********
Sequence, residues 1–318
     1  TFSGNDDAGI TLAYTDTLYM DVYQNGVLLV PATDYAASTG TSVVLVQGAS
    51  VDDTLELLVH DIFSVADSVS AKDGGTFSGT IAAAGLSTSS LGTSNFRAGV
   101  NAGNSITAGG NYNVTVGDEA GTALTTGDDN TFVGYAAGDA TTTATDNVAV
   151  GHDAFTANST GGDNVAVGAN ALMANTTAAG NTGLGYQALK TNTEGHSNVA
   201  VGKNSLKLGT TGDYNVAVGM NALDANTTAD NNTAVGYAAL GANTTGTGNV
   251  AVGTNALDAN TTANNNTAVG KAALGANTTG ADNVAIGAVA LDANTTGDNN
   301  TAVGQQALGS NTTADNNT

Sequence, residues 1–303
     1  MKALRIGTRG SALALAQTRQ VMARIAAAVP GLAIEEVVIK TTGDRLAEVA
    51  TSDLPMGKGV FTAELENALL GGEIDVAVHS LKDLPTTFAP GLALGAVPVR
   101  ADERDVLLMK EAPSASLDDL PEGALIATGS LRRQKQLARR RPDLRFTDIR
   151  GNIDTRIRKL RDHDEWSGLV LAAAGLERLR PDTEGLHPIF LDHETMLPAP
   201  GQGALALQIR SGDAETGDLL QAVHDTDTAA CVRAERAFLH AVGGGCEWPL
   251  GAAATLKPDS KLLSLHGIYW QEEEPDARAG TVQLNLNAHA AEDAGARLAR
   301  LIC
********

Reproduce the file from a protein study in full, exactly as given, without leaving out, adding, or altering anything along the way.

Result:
Sequence, residues 1–318
     1  TFSGNDDAGI TLAYTDTLYM DVYQNGVLLV PATDYAASTG TSVVLVQGAS
    51  VDDTLELLVH DIFSVADSVS AKDGGTFSGT IAAAGLSTSS LGTSNFRAGV
   101  NAGNSITAGG NYNVTVGDEA GTALTTGDDN TFVGYAAGDA TTTATDNVAV
   151  GHDAFTANST GGDNVAVGAN ALMANTTAAG NTGLGYQALK TNTEGHSNVA
   201  VGKNSLKLGT TGDYNVAVGM NALDANTTAD NNTAVGYAAL GANTTGTGNV
   251  AVGTNALDAN TTANNNTAVG KAALGANTTG ADNVAIGAVA LDANTTGDNN
   301  TAVGQQALGS NTTADNNT

Sequence, residues 1–303
     1  MKALRIGTRG SALALAQTRQ VMARIAAAVP GLAIEEVVIK TTGDRLAEVA
    51  TSDLPMGKGV FTAELENALL GGEIDVAVHS LKDLPTTFAP GLALGAVPVR
   101  ADERDVLLMK EAPSASLDDL PEGALIATGS LRRQKQLARR RPDLRFTDIR
   151  GNIDTRIRKL RDHDEWSGLV LAAAGLERLR PDTEGLHPIF LDHETMLPAP
   201  GQGALALQIR SGDAETGDLL QAVHDTDTAA CVRAERAFLH AVGGGCEWPL
   251  GAAATLKPDS KLLSLHGIYW QEEEPDARAG TVQLNLNAHA AEDAGARLAR
   301  LIC